No Image Available


Read more from TrainingZone

googletag.cmd.push(function() { googletag.display(‘div-gpt-ad-1705321608055-0’); });

What Happened Next? Fresh Ways To Motivate Staff. By Sarah Fletcher


Smiling crowd Finding activities to inspire unmotivated staff can prove difficult. In the next edition of this new series What happened next? we report on the results and lessons learned by a member who sought solace in the Any Answers forum. By Sarah Fletcher

Motivating staff - anyone been to circus school?

“I'm looking for ways to give a serious injection of oomph into a lacklustre sales team. I am thinking along the lines of finding someone to teach them juggling skills and a bit of close up magic to engage them and give the wow factor. They have had the Fish! video before but lack of follow up meant it didn't really happen, and they need to be given relevant ways to play.

"They work on a shop floor so a lovely team-building day is out of the question.

"I have run a check on circus schools, but it seems they just do the full set of skills including trapeze work, I can't find anyone to come into the business to teach slightly less risky activities! Any ideas where I should head to?

"If you have a better idea I would really like to hear it. Also, how do you begin to measure oomph and wow?”

Read the original post

Nikki Brun

What happened next?

“I was very surprised at the level of interest generated. I am in the process of a TNA, but thought I'd ask the TrainingZONE community for their thoughts - they clearly think a lot! My original question seemed to get a bit lost in translation. I wanted to given them ways to play (i.e. juggle small items of stock etc) so they felt they could have fun in true Fish! style.”

Which sources of information did you find the most useful?

“The reminders that management need to get involved too.”

What would you have done differently with hindsight?

“Not given it the title "Has anyone been to circus school"! I wish I'd have emphasised the point that taking the team was out of the question (how did fire walking come into it?!), and I was looking for ways to measure oomph and wow. No one suggested ways of measurement, although I was constantly reminded to measure somehow - expect another question up soon!”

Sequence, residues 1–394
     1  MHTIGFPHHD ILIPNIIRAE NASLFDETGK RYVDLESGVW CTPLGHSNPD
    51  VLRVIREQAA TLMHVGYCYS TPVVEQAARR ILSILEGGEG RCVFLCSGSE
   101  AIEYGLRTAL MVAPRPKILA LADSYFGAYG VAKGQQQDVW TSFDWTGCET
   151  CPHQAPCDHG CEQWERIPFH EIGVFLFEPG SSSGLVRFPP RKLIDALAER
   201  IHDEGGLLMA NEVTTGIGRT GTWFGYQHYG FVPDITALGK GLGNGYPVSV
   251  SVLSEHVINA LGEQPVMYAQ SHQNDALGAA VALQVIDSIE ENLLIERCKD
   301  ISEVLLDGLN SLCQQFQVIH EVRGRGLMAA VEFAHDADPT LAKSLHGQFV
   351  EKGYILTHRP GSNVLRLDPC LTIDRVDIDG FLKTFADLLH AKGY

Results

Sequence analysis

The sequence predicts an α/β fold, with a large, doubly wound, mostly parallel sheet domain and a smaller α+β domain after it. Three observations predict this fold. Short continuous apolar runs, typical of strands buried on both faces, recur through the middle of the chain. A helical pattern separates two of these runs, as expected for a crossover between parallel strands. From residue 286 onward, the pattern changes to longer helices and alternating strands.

Was the outcome satisfactory for all parties?

“This is an ongoing project. Ask me again in three months!

“It is still at the thinking stage as the budget decision maker is on holiday. The majority of staff seem to love the idea, and the management are all for it. It is a bit frustrating as the managers and I just want to get on with it, but what can you do? I remain optimistic that something will come out of it though.”

Any other learning points?

“The fact that this generated so much debate is a wonderful thing. It just goes to show that one of the best resources we have is each other and I am always very grateful for the responses I get.”

Advice offered by members:
  • Rus Slater questions the business benefits of this strategy – is this really what they need? “In my experience the best you generally get from “fun” events like this is a happy time but little business result.” He advises "more directly relevant activities.”
  • Garry Platt cites the recent incident in which a top City accountancy firm found its bonding exercise literally go up in smoke – burns and hospital visits resulted in the event organisers paying almost £8,000 for breaching health and safety laws. This just shows what happens if you play with fire.
  • Nik Kellingley questions how a circus skills course will help staff to sell. He advises looking at training, or saving your money and sending employees to the pub!
  • Nigel Higgs thinks such programmes are great for self development and socialising, and will improve morale and motivation.
  • John Owens says “All sales people relish new experiences to talk about, so don’t “diss” the gimmicky stuff too much.”
  • Karen Drury underlines the difficulties of proving directly that training adds value to a company. She advocates a team building course as a way of teaching timing and balance.
  • Shelley Upton finds that “some injection of fun rarely comes amiss.”
  • Jonathan Sindall stresses the importance of involving employees in strategy decisions and helping them to understand how they contribute to business success – showing you value their input can be hugely motivating.
  • Euphrosene Labon claims that poor team performance is often due to weak product or management decisions.
  • Teresa Garfield believes success lies in showing staff the consequences of excellent performance and outstanding results.
  • John Owens asks the shop floor to spontaneously burst into song! Much more musical than “standing about chatting to their mates and ignoring the potential customer” – and much more entertaining!

View other What Happened Next features:

Related Any Answers posts:

Have you suffered a similar experience? Please post your comments about this member’s problem using the form below.


Get the latest from TrainingZone.

Elevate your L&D expertise by subscribing to TrainingZone’s newsletter! Get curated insights, premium reports, and event updates from industry leaders.


Thank you!